Wednesday, July 17, 2013

Crawdads, Berries, and Trail Work on the East Fork Trail

 



The sky was clear across the meadows spanning in front of the office as Braja and I waited patiently at the Earth Shelter Office for our week’s trail workers to make their way up the mountain.

We were expecting a diverse group and were excited to see how kids can learn a lot just from being around one another. Throughout the week, it was great to see barriers going down as kids from Buckhannon got to hang out with kids from Ethiopia, a meeting of two worlds that may have never happened otherwise. The students arrived with their hands shoved deep in their pockets, but we noticed some hidden smiles and casual conversation and knew our group would get along just fine.

After we got everything we needed to survive in the field for four days into our backpacks, we played a few games before shoving off in our vans to our destination. The initial silence of the ride was punctuated by the sound of kids sharing stories and the cool mountain wind blowing in from the windows. By the time we made it to the campsite, the students were acting like they had known each other for years.

Our first campsite was at the Island Campground, near the East Fork of the Greenbrier River. Some students built a fire while others hunted crawdads underneath the river stones lining the Greenbrier. By the time bedtime rolled around, everyone seemed excited about the week and were ready to get some work done on the trail.



This trip was many of the students’ first time backpacking, making the six mile hike to camp a real challenge. We all made it with our heads held high and the sense of achievement that washed over the students as they neared camp was nearly tangible. The sweat and sore shoulders were soon forgotten as we set up camp for the night at Abe’s Run.

The next morning, we split into two work groups and immediately set out to clear the rest of the trail leading up to Abe’s Run. A few hours later, we met in the middle after completing our work on either end and had enough time to head to a swimming hole we found along the trail.



That night we discussed the history of the Monongahela National Forest and the CCC while sitting around a campfire. As the fire burned into coals and the conversation neared a natural end, we noticed some of the kids resting their heads heavily on their hands. After another day of hard work they were definitely tired, but we never heard one complaint.

The next morning, after we split into work groups, I could hardly walk fast enough to keep up with the students, the same students that struggled with hiking a few days earlier. Their positive discourse and broad smiles made it clear that they weren't walking fast just because they wanted to be done with the trail but were enjoying themselves. We cleared the trail to Pig's Ear, our designated stopping point, by three that afternoon, far ahead schedule.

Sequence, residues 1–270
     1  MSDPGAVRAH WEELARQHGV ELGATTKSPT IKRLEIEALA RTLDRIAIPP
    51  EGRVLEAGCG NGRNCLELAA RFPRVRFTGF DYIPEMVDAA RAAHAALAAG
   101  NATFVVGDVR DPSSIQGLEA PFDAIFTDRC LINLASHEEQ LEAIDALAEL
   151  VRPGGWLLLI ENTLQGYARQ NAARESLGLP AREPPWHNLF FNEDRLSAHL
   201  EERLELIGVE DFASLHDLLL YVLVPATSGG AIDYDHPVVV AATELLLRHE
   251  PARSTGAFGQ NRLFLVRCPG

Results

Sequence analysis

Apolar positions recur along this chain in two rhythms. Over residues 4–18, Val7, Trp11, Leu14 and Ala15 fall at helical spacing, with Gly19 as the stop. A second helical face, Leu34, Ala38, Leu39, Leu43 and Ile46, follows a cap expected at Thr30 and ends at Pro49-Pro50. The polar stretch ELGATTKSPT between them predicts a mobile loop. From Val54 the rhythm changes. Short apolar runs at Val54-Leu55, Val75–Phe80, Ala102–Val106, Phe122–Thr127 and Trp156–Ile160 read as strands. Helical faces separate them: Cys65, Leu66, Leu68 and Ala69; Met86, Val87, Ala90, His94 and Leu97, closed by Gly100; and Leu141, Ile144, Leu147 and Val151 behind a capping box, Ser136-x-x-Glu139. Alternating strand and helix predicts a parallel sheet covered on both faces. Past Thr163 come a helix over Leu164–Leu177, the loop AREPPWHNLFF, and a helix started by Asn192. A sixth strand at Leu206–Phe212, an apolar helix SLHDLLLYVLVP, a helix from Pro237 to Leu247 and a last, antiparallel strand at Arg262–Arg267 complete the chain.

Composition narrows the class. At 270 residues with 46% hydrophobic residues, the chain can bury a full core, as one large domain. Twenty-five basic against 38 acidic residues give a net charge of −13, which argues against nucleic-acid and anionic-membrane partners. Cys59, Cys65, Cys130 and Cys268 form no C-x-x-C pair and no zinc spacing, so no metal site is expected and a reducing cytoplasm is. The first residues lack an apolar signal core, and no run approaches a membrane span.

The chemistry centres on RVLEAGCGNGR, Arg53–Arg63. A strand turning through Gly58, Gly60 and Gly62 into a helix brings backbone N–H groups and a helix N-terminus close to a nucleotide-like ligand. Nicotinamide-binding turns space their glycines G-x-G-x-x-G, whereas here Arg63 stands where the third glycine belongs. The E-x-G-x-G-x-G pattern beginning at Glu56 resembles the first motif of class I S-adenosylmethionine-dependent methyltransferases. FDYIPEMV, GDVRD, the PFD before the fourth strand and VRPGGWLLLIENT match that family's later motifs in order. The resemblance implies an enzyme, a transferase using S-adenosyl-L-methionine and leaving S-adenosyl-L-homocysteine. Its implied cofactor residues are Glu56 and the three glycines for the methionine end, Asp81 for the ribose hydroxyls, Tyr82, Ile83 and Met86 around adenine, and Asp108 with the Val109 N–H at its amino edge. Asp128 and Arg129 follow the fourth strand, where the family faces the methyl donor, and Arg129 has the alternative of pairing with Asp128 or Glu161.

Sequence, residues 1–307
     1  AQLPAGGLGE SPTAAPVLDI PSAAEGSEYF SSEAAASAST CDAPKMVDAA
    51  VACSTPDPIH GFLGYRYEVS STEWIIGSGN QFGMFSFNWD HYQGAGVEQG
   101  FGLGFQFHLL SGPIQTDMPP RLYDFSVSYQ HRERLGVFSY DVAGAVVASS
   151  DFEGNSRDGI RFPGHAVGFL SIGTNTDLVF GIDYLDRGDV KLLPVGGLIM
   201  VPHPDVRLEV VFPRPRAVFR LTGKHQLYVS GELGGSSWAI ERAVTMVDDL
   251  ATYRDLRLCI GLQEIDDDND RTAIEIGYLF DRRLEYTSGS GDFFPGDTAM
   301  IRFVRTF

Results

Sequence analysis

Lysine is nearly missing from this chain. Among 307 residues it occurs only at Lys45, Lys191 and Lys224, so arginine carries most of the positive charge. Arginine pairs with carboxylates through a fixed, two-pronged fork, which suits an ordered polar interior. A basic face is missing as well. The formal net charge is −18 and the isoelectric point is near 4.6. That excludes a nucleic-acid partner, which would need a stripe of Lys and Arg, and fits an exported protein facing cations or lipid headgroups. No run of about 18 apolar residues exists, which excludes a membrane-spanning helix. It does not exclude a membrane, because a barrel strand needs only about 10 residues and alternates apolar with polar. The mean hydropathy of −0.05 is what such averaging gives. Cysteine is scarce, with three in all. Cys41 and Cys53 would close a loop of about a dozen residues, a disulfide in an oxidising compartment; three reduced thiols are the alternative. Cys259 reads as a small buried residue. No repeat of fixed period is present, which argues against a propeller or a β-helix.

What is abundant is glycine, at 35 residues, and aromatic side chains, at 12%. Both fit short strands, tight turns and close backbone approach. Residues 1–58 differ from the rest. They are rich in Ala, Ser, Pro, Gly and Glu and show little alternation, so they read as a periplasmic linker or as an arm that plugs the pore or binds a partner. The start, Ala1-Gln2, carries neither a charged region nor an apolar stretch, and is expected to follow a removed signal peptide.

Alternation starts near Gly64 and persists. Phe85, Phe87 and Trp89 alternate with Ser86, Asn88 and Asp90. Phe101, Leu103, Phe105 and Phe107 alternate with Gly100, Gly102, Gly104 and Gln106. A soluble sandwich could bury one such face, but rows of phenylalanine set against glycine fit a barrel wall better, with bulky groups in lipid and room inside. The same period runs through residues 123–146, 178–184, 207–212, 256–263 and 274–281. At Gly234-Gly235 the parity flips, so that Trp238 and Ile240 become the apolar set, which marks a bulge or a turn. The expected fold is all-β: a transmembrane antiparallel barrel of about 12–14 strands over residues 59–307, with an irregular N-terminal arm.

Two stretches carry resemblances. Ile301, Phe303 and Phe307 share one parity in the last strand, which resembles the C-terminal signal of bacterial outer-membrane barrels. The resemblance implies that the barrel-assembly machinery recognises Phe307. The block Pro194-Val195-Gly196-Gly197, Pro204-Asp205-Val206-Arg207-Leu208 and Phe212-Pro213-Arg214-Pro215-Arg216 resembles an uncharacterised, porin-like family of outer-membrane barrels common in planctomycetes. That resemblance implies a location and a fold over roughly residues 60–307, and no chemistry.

We had free time, so we did solo hikes to the swimming hole. Solo hikes give the students alone time to reflect on the significance of their accomplishment. I walked ahead and was lucky enough to see the tranquility and sense of achievement on their faces as they met up to go swimming. Our group had achieved their goal of finishing a day early because of their hard work, a feat unprecedented so far in the Mountain Trail Monitors program.

Since we finished a day early, we were able to go caving at the Sinks of Gandy and hike to the top of Spruce Knob. Many of the students had never been caving and had a great time exploring the limestone caverns that make this region so unique and beautiful. At the top of Spruce Knob, we spent a few hours hanging out on top, overlooking the Monongahela National Forest. By this point, the students seemed more like family than strangers, and it was apparent that they had fostered a deeper appreciation for nature as well as one another during the short time they were together.

 

The Mountain Trail Monitors program is an excellent opportunity for students to get their hands dirty in a productive way. Unlike other summer experiences, they are actually doing some pretty tough work, but I am always surprised by how much the kids learn about themselves, one another, and nature in such a short amount of time. I think it is unique in the sense that is free for the students, opening the door wide for a diverse group of students, and that it encourages productive work and new experiences for kids who may have never camped in their life. So far so good, and I am looking forward to see how the program continues throughout the summer.

Post by Dylan Harris

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